T.K.'s conduct is not sufficient to elevate him to the level of an accomplice. He was not present when the crime was committed, he did not actively instigate or encourage the crime, * * * and he did not share in the fruits of the crime.

Id. at 867-68. Because the trial court did not err in finding that, like T.K., Pha Sayachack's involvement was not sufficient to make him an accomplice in the burglary, we conclude there was sufficient corroborative testimony to support the testimony of the co-conspirators.

First-degree criminal damage to property

Minn. Stat. § 609.595, subd. 1(3) (1996) requires that "the damage reduces the value of the property by more than $500 measured by the cost of repair and replacement." A review of the record shows that, despite the fact that the trial court made express findings as to the value of the stolen guns, there is no evidence in the record to establish the value of the guns or estimated damage to the pawn shop.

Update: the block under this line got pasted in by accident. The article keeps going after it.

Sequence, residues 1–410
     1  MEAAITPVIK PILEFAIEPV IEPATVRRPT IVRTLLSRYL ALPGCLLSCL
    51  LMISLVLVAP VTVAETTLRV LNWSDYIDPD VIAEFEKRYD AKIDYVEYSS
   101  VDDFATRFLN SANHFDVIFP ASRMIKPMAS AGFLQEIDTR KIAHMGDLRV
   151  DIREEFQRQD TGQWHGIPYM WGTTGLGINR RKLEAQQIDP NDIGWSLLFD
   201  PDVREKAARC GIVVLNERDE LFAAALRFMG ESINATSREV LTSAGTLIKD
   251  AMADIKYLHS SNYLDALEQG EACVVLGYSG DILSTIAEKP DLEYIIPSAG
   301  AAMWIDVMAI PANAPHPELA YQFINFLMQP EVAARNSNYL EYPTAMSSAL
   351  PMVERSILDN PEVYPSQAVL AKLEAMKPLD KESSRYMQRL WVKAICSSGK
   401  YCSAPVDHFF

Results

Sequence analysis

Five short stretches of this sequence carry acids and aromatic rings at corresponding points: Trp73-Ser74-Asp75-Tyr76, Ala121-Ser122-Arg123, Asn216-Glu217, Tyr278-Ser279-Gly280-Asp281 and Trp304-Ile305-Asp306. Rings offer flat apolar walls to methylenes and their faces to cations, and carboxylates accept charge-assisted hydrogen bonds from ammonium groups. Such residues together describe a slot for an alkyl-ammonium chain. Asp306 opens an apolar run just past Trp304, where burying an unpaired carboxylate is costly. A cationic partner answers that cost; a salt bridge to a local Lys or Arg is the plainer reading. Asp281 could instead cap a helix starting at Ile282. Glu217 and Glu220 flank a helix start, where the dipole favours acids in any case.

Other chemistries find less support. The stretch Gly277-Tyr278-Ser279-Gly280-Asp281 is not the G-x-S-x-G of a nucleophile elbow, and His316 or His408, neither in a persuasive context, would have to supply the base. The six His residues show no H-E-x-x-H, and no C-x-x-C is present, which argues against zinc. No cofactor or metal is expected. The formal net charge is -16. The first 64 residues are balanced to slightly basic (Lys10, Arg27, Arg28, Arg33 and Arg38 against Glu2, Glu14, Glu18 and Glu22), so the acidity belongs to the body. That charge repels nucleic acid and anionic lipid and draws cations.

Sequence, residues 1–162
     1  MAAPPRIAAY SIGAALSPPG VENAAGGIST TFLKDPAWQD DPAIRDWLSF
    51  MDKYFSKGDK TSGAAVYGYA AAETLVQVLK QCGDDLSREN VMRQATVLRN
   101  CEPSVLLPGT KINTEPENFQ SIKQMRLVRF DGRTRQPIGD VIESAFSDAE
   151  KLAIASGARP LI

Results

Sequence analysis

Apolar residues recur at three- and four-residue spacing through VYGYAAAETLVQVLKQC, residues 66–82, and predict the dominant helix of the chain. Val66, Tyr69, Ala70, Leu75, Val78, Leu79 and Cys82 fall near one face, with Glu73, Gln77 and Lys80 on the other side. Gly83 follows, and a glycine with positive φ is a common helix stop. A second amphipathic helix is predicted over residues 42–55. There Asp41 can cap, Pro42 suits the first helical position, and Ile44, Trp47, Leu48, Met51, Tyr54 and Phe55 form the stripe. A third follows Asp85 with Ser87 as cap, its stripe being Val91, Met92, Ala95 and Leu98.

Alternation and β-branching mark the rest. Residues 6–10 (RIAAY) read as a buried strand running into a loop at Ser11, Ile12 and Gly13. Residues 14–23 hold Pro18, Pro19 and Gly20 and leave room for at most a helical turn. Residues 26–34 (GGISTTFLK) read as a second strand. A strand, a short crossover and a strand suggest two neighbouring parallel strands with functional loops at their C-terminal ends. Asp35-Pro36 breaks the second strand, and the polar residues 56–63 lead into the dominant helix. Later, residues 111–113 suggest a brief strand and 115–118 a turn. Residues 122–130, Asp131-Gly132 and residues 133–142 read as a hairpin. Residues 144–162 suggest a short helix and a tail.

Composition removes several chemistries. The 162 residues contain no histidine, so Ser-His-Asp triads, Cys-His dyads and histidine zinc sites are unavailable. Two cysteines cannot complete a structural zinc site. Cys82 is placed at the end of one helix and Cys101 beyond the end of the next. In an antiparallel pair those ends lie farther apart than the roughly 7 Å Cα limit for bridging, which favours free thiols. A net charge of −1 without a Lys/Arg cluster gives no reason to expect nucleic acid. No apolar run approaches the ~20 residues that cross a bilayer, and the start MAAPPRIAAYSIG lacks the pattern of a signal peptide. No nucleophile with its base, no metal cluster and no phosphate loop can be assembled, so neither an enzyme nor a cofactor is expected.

In reversing a judgment of conviction, the appellate court "shall either direct a new trial, or that the defendant be discharged or that the conviction be reduced to a lesser included offense or to an offense of lesser degree." Minn. R. Crim. P. § 28.02, subd. 12.

Where the state's proof is lacking only as to an element distinguishing the offense from a lesser included offense, this court has reduced the conviction to the lesser included offense and remanded for resentencing. State v. Bergstrom, 413 N.W.2d 206, 212 (Minn. App. 1987).

In this case, due to the lack of evidence in the record that damage reduced the value of the property by more than $500, we reverse the first-degree criminal damage to property conviction. We do not reduce the conviction to a lesser included offense because there is no evidence in the record of a damage amount. See Minn. Stat. § 609.595 (1996).

Affirmed in part and reversed in part.

[*] Retired judge of the district court, serving as judge of the Minnesota Court of Appeals by appointment pursuant to Minn. Const. art. VI, § 10.